Maybe it does, but I have a hard time believing that someone who appreciates the nuances of a good beer wouldn’t gain a similar pleasure from savoring the nuances of a good wine. Why would anyone close themselves off to something that might be enjoyable? The trick is finding a wine that tastes good to you. But that can take time.

Perhaps if you are a beer lover, the worst place to look for wines is in the standard bearers of the wine world. You know, the Chardonnays, Cabernet Sauvignons and Merlots. Perhaps you have a palate that prefers bitter flavors. If that is the case, there are some pleasingly bitter wines. There is more on this here.

The next time you make a batch of beans with greens try and find a nice Italian verdicchio.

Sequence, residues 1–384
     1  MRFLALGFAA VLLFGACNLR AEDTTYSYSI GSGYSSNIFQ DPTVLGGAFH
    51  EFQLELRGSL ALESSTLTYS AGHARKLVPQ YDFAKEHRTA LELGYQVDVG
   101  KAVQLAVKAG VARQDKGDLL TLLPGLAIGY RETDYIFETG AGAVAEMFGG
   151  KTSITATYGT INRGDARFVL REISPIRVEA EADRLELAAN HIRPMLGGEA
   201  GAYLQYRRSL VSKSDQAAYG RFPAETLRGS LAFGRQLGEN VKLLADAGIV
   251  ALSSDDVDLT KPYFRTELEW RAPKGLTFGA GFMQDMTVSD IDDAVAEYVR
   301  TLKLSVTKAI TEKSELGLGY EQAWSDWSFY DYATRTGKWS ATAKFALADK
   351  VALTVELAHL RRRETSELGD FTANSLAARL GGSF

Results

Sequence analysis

“Beer is cheaper.”

That’s may be true, but it’s not entirely true. My first stop for everyday wines is BJs and there I’m able to find plenty of decent wines for under $7 a bottle. Given that there are five servings of wine in a bottle, this translates to a $8.40 six pack. Sure there are a lot more expensive wines than there are expensive beers. But good wine need not be expensive.


I’ve got an agenda. I have nothing against beer, but I do want more people to enjoy wine. I want people to open themselves up to the experience. I want them to venture into uncharted waters. And I want to help them do that.

It’s a lot of fun to watch people taste wine, really taste wine, for the first time. There is a bit of discomfort in it. There is a lot of awkwardness even about putting the experience into words. People don’t trust their own tastes, and that calls for some degree of handholding. I’m sure the beer geeks have experienced this at some point in their own evolution.